One of the better microkeratomes is disclosed in commonly owned International Application No. PCT/US98/24785, published as International Publication No. WO99/26568, which is hereby incorporated herein by reference in its entirety. Although the microkeratome disclosed therein is a significant improvement over microkeratomes at the time, further improvements are desirable.
The present invention provides a system and method including a microkeratome that is a substantial improvement over existing microkeratomes. According to one aspect of the invention, independent control of the axial movement and transverse movement of a cutting blade in a microkeratome is accomplished through the use of a single control cable that connects the microkeratome to a remotely located control assembly. According to another aspect of the invention, the microkeratome is equipped with a handle that enables connection of the control cable to be effected at a remote location, whereby the microkeratome can be connected to the control cable while maintaining the portion of the microkeratome in the vicinity of the patient's eye in a sterile condition. According to yet another aspect of the invention, the microkeratome includes a base having a main portion for engaging the eye and a hollow handle extending from the main portion, the handle housing a linkage that connects a control shaft to a cutting blade movable relative to the base. According to still another aspect of the invention, the microkeratome includes a biasing device for automatically retracting a carriage from an extended position to a retracted position.
The present invention provides a microkeratome that can be disposable, preassembled and presented in a sterile condition, and a control system that can be reused indefinitely, resulting in greatly reduced cost while providing a superior quality surgical operation.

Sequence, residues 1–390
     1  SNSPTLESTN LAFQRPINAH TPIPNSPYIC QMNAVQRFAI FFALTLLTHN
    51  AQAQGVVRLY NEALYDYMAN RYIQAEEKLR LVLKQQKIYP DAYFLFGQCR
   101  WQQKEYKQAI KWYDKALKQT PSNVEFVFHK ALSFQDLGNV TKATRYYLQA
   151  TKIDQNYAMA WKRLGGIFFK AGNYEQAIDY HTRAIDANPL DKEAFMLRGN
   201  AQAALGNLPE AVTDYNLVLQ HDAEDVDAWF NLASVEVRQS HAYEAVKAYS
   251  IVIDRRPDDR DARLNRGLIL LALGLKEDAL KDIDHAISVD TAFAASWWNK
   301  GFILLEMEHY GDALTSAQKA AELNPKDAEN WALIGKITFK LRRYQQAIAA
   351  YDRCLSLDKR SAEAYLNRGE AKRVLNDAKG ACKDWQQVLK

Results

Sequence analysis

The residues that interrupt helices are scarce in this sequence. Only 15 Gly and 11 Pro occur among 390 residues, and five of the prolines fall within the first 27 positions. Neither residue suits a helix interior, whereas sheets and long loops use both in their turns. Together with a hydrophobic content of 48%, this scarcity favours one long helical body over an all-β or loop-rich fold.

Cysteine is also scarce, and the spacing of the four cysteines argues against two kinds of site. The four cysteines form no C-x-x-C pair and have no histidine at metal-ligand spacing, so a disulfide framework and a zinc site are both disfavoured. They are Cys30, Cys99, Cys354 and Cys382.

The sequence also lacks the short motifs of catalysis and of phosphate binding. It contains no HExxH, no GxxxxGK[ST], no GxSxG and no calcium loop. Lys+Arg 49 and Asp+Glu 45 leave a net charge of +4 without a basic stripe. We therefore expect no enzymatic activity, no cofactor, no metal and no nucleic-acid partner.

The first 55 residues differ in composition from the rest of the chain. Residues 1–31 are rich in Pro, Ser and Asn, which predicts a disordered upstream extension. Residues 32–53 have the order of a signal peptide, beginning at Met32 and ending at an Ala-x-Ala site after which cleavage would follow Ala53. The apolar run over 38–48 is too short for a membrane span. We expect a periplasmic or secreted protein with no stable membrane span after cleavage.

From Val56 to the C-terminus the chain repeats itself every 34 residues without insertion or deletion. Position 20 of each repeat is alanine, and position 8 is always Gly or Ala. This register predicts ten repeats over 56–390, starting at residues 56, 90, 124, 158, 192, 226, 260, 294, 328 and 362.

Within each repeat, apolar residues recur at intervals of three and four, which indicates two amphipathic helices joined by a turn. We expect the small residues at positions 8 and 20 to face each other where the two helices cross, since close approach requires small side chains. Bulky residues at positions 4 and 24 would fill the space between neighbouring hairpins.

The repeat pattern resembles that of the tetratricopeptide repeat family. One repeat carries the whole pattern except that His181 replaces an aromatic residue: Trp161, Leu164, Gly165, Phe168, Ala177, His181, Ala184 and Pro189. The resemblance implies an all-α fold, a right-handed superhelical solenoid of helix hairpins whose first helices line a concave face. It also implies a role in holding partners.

In particular, the present invention provides a microkeratome for ophthalmic surgery that includes a base, a carriage mounted to the base, and a cutting blade carried in the carriage. The base includes a main portion for mounting on an eye and a handle extending from the main portion to provide for remote connection of a control cable to the microkeratome. The carriage is guided for linear movement in a cutting direction relative to the base and the cutting blade is movable in relative to the carriage. The aforementioned control cable has a control shaft. The control cable is connectable to the base of the microkeratome such that axial movement of the control shaft effects the linear movement of the carriage along the cutting direction, and rotational movement of the shaft effects movement of the cutting blade relative to the carriage.
The present invention also provides a system for ophthalmic surgery that includes a microkeratome and a control assembly for controlling the microkeratome. The control assembly has a drive assembly including the control cable which is connected to the carriage such that axial movement of the control shaft effects movement of the carriage in the cutting direction relative to the base, and rotational movement of the control shaft effects movement of the cutting blade relative to the carriage.
The present invention also provides a method for ophthalmic surgery that includes connecting a control shaft to a microkeratome, axially shifting the control shaft to effect movement of a carriage relative to a base on which it is mounted, and rotating the control shaft to effect movement of a cutting blade relative to the carriage in which it is carried.
Such a method may further include applying the microkeratome to an eye; and independently controlling the movement of the carriage relative to the base and the movement of cutting blade relative to the carriage, disposing of a first microkeratome following a first operation and selecting a second microkeratome for a subsequent operation and/or driving the carriage in a forward direction from a retracted position to an extended position and retracting the carriage from the extended position to the retracted position.
The present invention also provides a system for ophthalmic surgery comprising means for driving a cutting blade for movement, means for supporting the cutting blade relative to an eye, and control means for controlling the means for driving. The control means includes a control cable having a control shaft movable within a sheath, and the means for supporting includes a main portion mountable in the vicinity of an eye and a handle extending from the main portion. The control cable is connectable to the handle, and the control shaft is connectable to the cutting blade such that movement of the control shaft effects movement of the cutting blade.
The present invention further provides a microkeratome for ophthalmic surgery comprising a base, a carriage mounted to the base, and a cutting blade carried in the carriage. The base has a proximal end for engaging an eye and a handle extending away from the proximal end and terminating at a coupling to which at least one control cable having at least one shaft can be connected. The handle houses a linkage extending between the coupling and the carriage for transferring motion from the at least one control shaft to the carriage.